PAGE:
Abstract: "Psychiatrists need to be vigilant for the newly recognised and treatable disorder of antibody-mediated encephalitis. Psychiatric symptoms are common, and individuals with the disorder often present initially to psychiatric services. We describe the clinical features of the disorder and make recommendations for further investigations. Psychiatry has been progressively demedicalised in the UK. The speciality has separated from the rest of medicine and there has been discussion about the relevance of biological models of psychiatric illness among some psychiatrists.1 This dangerous position is now exposed as new brain disorders have been described that are affecting patients currently under our management, which require medical investigation and management."
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Abstract: "Anti-N-methyl-d-aspartate (NMDA) receptor encephalitis is an autoimmune condition caused by immunoglobulin (Ig)G antibodies directed against the NR1 subunit of the NMDA glutamate receptor. Approximately 65% of cases present with psychiatric symptoms, particularly psychosis. It remains to be established whether anti-NMDA receptor antibodies can cause a ‘purely’ psychotic illness without overt neurological symptoms. We conducted a systematic literature search to establish what proportion of patients with schizophrenia and related psychoses have antibodies directed against the NMDA receptor. Studies were included if (a) subjects had a diagnosis of schizophrenia, schizophrenia spectrum disorder or first-episode psychosis (FEP) using standard criteria, (b) serum was analysed for the presence of anti-NMDA receptor antibodies; and (c) the purpose of the study was to look for the presence of anti-NMDA receptor antibodies in patients with a primary psychiatric diagnosis without clinical signs of encephalitis. Seven studies were included, comprising 1441 patients, of whom 115 [7.98%, 95% confidence interval (CI) 6.69–9.50] were anti-NMDA receptor antibody positive. Of these, 21 (1.46%, 95% CI 0.94–2.23) patients were positive for antibodies of the IgG subclass. Prevalence rates were greater in cases than controls only for IgG antibodies; other subclasses are of less certain aetiological relevance. There was significant heterogeneity in terms of patient characteristics and the antibody assay used. A minority of patients with psychosis are anti-NMDA receptor antibody positive. It remains to be established whether this subset of patients differs from antibody-negative patients in terms of underlying pathology and response to antipsychotic treatment, and whether immunomodulatory treatments are effective in alleviating psychotic symptoms in this group."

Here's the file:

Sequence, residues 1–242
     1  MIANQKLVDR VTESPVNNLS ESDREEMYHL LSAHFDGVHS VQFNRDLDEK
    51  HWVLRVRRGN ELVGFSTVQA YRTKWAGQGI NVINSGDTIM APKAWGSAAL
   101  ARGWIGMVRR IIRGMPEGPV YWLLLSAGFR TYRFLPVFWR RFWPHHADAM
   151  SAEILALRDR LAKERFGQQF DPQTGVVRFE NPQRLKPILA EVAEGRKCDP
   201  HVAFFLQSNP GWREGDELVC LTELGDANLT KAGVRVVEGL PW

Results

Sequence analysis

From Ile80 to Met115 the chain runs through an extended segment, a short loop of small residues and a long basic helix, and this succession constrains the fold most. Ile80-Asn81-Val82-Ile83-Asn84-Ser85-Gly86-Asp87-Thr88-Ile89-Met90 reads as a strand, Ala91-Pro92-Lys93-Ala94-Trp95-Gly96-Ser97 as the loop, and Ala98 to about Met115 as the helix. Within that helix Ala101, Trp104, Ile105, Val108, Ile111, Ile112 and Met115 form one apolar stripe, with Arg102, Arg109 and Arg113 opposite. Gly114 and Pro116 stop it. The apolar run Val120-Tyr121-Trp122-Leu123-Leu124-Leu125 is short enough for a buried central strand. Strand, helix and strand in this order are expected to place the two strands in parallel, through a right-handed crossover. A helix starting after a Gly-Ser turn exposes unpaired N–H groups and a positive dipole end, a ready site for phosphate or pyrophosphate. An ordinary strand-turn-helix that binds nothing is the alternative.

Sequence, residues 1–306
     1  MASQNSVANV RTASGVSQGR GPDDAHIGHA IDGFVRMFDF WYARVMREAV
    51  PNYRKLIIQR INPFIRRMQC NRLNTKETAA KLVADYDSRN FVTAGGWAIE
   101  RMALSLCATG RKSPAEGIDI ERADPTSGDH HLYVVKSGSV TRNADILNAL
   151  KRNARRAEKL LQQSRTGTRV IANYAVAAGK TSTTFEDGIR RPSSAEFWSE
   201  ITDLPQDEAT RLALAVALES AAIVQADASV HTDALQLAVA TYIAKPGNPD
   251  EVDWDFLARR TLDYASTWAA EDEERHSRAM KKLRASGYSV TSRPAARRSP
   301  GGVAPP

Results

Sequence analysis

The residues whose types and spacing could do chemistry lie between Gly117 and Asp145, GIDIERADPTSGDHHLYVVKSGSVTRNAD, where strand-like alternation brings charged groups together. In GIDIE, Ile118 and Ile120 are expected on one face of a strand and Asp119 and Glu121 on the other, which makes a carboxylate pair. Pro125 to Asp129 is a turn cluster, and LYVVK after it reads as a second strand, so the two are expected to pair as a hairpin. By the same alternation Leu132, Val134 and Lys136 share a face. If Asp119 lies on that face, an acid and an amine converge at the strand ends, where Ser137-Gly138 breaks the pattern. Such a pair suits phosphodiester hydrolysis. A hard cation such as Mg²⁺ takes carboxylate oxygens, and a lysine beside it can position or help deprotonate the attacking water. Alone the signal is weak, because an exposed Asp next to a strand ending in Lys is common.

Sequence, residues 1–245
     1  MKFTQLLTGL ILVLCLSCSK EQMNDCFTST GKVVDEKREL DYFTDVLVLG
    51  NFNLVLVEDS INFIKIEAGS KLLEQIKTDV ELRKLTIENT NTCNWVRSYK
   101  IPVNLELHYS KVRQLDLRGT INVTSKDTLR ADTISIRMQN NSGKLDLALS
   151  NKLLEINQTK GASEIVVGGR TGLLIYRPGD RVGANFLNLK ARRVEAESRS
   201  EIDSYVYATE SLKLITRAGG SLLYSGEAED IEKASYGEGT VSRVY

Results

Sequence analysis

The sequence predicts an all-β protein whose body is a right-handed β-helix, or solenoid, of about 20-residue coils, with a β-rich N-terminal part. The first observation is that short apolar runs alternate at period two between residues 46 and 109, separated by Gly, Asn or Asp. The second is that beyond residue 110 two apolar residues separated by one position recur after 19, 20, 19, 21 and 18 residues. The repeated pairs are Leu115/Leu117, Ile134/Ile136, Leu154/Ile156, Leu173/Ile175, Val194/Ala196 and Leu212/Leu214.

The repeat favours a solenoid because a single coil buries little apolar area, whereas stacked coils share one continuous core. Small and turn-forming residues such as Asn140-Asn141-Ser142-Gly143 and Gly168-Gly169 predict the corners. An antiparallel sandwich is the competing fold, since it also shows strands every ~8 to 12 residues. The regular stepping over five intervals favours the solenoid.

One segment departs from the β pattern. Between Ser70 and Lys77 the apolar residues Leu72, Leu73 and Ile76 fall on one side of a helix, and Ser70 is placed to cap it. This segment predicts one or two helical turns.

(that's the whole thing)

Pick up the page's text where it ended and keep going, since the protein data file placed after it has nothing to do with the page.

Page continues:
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Abstract: "Autoantibodies against the N-methyl-D-aspartate receptor (NMDAR) have been associated with a complex encephalitis syndrome, which was first described in a case series of 12 young women presenting with a consistent clinical course including movement disorder, psychiatric disturbance and encephalopathy, in whom ovarian teratomas were subsequently found. Since then, it has been shown that many cases are not associated with tumours, and the condition may also affect male patients and children. NMDAR antibodies may be associated with diverse clinical pictures, including isolated psychosis. The spectrum of disease associated with NMDAR antibodies and the optimal immunomodulatory management of these patients is not yet well understood. We present three cases: a patient with musical hallucinations and seizures who responded to treatment with rituximab and intravenous immunoglobulin, a case of Rasmussen's encephalitis who showed no response to treatment with steroids and plasma exchange, and a complex seronegative case with ovarian teratoma, auditory perceptual changes, dystonia and a rapidly progressive CNS syndrome who died despite treatment. The clinical features and responses to therapy are described and discussed."
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